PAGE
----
Despite some impressive climbs during 2014, Coca-Cola (KO) shares have recently pulled back and are now trading just about where they started the year…
While some investors may be frustrated by this action, the stock’s ups, downs, and general sideways movements have been favorable for some well-timed “10% Trades.”
Consider just the two that I’ve made public here in Trades Of The Day…
Added up, these trades have generated a 4.9% yield in a total of just 91 days.
That may not sound like much, but it works out to a 19.7% annualized yield — in a year where the stock has ultimately gone nowhere.
In other words, these trades are doing exactly what they’re supposed to: generate safe, 10%-plus annualized yields. Take a look…
While I already own Coke in my long-term dividend growth portfolio — and plan on holding it for the long-haul — I’m always open to potential “10% Trade” opportunities with the stock that could continue to both boost my income and reduce my risk.
One neat thing about this trade is that since I made it my Roth IRA, it essentially served as a legal “backdoor” way to contribute extra money to that account even though I’m no longer eligible to. I’ve explained how this works before.
Another neat thing is that I’m getting paid for simply agreeing to sell the stock at a higher price than what I’m buying it for.
At the end of the day, this “10% Trade” should generate an 18.7% to 26.0% annualized yield, which is significantly more income than what I’m collecting from my “buy and hold” shares.
The income I’m collecting also helps reduce my cost basis, lowering my overall risk.
Here’s how it works…
Opportunity to Capture an 18.7% to 26.0% Annualized Yield from Coca-Cola
Yesterday I bought 300 shares of KO for $40.70 per share and simultaneously “sold to open” three January 17, $41 covered calls for $0.72 per share.
There are two possible ways this trade will work out — and they both spell at least double-digit annualized yields on my purchase price…
Scenario #1: Coca-Cola stays under $41 by January 17
If Coca-Cola stays under $41 by January 17 I’ll get to keep my 300 shares.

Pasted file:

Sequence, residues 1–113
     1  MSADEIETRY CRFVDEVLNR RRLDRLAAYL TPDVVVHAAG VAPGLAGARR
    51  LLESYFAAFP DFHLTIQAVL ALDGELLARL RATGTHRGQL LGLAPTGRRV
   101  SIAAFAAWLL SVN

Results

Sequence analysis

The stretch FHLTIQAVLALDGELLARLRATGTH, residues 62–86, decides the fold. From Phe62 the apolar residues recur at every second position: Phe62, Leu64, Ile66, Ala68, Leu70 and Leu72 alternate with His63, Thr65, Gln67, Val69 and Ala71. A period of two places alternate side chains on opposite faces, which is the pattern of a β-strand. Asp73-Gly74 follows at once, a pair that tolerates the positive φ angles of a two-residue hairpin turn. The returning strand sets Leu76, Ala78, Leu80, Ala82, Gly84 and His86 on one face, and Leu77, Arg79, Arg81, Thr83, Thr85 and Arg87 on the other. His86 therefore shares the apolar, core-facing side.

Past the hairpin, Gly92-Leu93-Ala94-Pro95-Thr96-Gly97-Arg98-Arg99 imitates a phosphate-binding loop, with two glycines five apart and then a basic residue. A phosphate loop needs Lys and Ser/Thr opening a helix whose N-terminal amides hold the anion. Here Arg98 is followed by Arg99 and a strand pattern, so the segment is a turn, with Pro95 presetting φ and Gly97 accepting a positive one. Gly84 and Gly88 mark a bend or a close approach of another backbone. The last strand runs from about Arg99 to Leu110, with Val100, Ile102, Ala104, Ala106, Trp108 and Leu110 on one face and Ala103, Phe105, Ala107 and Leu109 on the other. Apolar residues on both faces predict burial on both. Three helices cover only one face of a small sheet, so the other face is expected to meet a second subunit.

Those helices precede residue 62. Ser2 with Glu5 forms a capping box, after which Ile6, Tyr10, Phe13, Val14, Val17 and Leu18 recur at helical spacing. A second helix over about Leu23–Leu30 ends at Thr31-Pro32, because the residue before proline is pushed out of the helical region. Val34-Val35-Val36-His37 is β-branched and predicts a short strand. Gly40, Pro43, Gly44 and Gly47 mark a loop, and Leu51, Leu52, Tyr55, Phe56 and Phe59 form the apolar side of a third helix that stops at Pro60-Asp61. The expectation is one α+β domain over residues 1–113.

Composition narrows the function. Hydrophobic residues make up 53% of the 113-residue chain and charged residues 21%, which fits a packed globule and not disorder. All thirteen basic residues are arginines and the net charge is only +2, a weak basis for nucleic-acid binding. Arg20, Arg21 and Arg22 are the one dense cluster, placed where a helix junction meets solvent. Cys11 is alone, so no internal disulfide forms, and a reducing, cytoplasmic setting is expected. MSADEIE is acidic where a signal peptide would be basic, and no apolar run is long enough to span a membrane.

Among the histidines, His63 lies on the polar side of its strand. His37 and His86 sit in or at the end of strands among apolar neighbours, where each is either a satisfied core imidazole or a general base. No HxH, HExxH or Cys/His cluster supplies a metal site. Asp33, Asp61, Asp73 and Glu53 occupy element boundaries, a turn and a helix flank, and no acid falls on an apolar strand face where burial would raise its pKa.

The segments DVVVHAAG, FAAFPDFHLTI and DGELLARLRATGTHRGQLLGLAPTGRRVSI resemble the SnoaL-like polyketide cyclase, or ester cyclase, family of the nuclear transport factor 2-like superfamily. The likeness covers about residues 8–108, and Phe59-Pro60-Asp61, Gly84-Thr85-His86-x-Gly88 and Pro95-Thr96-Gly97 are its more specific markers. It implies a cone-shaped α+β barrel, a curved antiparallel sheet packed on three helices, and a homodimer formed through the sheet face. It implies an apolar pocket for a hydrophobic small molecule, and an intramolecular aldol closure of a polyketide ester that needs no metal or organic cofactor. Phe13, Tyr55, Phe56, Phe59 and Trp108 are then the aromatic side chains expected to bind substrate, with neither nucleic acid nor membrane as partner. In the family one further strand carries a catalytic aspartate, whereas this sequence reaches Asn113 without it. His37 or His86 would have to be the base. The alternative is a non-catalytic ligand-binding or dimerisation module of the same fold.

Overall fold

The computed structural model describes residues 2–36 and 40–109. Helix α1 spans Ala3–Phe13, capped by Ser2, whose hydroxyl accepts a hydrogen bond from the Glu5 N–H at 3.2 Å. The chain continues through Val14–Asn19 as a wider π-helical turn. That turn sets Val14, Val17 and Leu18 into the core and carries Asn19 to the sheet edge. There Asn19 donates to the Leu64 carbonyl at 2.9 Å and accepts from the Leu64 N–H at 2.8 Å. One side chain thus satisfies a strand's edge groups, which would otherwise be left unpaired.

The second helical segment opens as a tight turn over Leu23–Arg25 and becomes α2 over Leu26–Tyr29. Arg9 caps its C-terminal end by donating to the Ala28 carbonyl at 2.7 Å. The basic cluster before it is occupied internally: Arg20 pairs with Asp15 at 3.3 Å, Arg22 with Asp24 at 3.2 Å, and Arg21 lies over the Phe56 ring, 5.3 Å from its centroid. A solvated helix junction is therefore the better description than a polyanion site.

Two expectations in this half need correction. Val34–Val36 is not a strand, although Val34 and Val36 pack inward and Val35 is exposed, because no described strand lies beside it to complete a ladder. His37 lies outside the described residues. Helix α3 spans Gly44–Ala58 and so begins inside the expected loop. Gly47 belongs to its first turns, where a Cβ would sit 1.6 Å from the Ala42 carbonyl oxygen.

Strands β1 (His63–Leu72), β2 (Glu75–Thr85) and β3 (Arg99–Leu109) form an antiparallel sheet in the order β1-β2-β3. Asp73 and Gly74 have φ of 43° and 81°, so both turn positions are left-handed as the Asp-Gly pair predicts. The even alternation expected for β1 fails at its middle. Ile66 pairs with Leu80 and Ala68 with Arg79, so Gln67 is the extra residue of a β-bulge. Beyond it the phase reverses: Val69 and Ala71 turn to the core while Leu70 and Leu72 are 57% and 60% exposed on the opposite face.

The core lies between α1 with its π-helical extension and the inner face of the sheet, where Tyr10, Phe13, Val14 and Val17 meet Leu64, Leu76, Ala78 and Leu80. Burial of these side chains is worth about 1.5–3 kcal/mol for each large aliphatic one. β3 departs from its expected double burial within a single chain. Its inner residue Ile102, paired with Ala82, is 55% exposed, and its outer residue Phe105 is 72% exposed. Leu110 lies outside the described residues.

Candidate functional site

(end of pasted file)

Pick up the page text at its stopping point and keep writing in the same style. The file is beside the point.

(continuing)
In the process I’ll also have received $216.00 in covered call income ($0.72 x 300 shares).
The covered call income — known as a “premium” in options speak — was collected instantly yesterday. It was deposited in my Roth IRA.
At the end of the day, if “Scenario 1″ plays out I’ll be looking at $205.80 in profit after commissions.
On a percentage basis, I received an instant 1.8% yield for selling the covered calls ($0.72 / $40.70).
When I subtract out the commissions I’m looking at a 1.7% yield in 33 days… which works out to an 18.7% annualized yield.
Scenario #2: Coca-Cola climbs over $41 by January 17
If Coca-Cola climbs over $41 by January 17 my 300 shares will get sold (“called away”) at $41 per share.
In “Scenario 2″ — like “Scenario 1″ — I get to keep the $216 in covered call income ($0.72 x 300 shares). I’ll also generate $90.00 in capital gains ($0.30 X 300).
In this scenario, after commissions I’ll be looking at a $287.10 profit.
From a percentage standpoint, this “10% Trade” will deliver and instant 1.8% yield for selling the covered calls ($0.72 / $40.70) and a 0.7% return from capital gains ($0.30 / $40.70).
After subtracting out the commissions, I’m looking at a 2.4% total return in just 33 days.
That works out to a 26.0% annualized yield from Coca-Cola.
As I’ve mentioned before, as long as the market continues to offer safe, income-generating opportunities like this one, I’ll be more than happy to take them. Especially if they give me a “backdoor” way to contribute extra cash to my Roth IRA.
P.S. I realize the typical financial advisor may think it’s crazy to trade individual stocks in a retirement account… no matter how safe the stocks may appear. And in many cases they’re probably right — especially if you’re not properly diversified and you’re heavily dependent on the income from this account. So I urge you not to blindly follow my lead today without first speaking to a professional advisor or doing your own due diligence and research. In addition, I’m not a tax advisor and I don’t claim to be… so please consult a professional for any tax related questions you have.
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